The city center is well covered by birds of many different hues, although pidgeon and seagull would be most numerous. There is also scavenging urban fox – one particular fox “rejoices in prestigious address of 1 Grafton Street (our most fashionable boulevard). It lives in garden of Provost of Trinity College, and patrols Grafton Street at night, making its way as far as St. Stephen’s Green, if necessary, in search of food.” The proliferation of restaurants and food outlets in area provides substantial and varied eating for such creatures.
The grey squirrel is to be seen all over Dublin. This brash creature is a native of North America, and story goes that when a basket of six grey squirrels, offered as a wedding present at a society wedding in Longford in 1911, was opened, squirrels shot out and escaped into nearby woods. About thirty years ago they reached Dublin, and are displacing our native red squirrel, because greys can eat a range of foods including unripe acorns, whereas reds can only eat ripe acorns.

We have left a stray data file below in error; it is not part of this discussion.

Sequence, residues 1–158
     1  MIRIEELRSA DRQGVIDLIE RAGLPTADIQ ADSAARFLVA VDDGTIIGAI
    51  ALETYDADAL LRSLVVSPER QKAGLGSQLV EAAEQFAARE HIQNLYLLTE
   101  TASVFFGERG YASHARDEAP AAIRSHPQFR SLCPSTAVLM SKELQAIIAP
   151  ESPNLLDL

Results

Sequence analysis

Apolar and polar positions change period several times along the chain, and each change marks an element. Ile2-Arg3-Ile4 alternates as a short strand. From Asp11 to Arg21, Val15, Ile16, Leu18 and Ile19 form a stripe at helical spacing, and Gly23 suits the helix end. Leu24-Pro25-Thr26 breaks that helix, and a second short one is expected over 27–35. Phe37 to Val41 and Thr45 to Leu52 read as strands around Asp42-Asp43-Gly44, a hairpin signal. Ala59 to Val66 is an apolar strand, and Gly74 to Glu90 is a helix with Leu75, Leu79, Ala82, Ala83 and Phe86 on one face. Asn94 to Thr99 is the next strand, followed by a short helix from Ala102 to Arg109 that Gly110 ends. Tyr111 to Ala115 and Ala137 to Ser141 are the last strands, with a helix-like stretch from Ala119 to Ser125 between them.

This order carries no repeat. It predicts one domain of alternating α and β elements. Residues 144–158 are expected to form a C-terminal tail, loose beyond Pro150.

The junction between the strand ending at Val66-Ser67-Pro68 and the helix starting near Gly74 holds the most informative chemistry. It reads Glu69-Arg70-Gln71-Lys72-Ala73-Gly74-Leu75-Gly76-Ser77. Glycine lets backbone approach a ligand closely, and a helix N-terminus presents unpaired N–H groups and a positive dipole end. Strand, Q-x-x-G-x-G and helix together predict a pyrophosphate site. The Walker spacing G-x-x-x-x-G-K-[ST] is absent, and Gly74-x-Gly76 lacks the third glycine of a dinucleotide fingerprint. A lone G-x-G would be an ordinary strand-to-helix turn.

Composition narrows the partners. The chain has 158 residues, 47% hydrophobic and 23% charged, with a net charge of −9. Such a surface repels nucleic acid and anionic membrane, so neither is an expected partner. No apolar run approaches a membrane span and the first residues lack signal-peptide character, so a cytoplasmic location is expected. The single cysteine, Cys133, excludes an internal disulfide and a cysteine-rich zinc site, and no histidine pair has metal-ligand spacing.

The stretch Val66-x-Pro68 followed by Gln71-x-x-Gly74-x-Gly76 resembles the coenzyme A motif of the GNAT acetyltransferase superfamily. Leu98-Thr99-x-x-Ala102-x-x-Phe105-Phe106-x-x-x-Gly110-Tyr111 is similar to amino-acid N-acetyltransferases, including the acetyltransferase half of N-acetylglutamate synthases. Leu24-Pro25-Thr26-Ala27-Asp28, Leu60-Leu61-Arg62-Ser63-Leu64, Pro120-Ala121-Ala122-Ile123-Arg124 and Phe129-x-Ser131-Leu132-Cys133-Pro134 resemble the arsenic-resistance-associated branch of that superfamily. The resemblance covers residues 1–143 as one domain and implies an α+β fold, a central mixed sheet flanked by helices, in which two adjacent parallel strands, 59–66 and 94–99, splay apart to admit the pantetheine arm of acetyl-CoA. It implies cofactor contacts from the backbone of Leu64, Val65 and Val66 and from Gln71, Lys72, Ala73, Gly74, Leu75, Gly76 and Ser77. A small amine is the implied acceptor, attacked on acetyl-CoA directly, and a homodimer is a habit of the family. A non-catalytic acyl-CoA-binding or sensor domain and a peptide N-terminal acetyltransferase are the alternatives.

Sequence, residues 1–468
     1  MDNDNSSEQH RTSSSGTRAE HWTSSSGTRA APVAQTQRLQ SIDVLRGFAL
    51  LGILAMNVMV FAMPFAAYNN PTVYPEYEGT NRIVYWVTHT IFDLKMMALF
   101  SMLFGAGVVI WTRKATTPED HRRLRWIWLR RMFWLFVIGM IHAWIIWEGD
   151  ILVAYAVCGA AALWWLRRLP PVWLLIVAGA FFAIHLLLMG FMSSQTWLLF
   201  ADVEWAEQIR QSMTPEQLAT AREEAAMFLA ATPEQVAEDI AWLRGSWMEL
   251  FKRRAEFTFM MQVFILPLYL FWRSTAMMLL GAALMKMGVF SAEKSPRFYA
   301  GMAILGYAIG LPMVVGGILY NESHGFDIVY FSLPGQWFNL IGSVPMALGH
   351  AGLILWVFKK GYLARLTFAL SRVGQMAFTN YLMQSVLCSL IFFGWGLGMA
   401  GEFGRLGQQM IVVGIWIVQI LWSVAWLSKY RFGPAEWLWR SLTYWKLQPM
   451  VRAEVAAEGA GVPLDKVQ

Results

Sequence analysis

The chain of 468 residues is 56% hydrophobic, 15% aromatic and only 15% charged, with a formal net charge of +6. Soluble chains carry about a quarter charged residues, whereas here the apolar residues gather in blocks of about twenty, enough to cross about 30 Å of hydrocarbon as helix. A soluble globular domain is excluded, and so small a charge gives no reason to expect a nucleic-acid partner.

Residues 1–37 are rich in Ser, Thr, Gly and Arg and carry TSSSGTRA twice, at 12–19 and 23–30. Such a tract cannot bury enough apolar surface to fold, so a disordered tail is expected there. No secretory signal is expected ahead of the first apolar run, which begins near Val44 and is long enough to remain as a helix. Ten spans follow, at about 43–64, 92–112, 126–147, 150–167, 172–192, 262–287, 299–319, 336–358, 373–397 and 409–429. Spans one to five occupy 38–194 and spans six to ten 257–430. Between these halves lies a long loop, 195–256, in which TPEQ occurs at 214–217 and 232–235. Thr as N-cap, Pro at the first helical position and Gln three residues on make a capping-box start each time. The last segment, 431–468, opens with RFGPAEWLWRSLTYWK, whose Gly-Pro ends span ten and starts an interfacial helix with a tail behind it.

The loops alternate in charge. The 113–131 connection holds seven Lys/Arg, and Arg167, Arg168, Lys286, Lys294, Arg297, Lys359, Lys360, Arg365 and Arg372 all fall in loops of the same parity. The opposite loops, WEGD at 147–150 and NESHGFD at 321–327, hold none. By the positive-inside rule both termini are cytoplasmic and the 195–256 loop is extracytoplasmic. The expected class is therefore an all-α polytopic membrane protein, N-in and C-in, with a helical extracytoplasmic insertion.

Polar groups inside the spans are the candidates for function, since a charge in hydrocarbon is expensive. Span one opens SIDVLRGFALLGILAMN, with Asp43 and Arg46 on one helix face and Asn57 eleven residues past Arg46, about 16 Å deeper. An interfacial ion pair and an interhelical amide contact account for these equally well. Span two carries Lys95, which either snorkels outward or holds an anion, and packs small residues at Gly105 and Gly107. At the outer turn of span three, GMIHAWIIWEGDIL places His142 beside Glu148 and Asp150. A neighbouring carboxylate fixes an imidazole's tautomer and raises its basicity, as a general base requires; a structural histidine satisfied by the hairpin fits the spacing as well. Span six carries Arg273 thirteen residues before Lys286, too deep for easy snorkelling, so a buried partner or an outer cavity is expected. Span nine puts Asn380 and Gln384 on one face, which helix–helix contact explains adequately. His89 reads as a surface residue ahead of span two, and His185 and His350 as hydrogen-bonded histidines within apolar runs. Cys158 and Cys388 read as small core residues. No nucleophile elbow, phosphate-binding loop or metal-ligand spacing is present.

Dubliners and visitors alike are fond of eating Dublin Bay Prawn, an excellent delicacy, but completely misnamed. It’s not a prawn – it’s a small lobster – and it never lived in Dublin Bay. These shellfish live in burrows below seabed, are hunted by cod, ray and dogfish, and caught with bottom trawling nets. They occur in Irish Sea, off west coast of Ireland, and all way from Iceland to Morocco, but Dublin claims them as their own.
Éanna Ní Lamhna wrote text of Wild Dublin, from which these excerpts are taken. Trained in botany and microbiology, she is author of several popular wildlife books. She has been president of An Taisce, national trust for Ireland. Photographer Anthony Woods, who provided images, has worked with Irish and international magazines, and his photos have illustrated a number of books, including Between The Mountains and The Sea.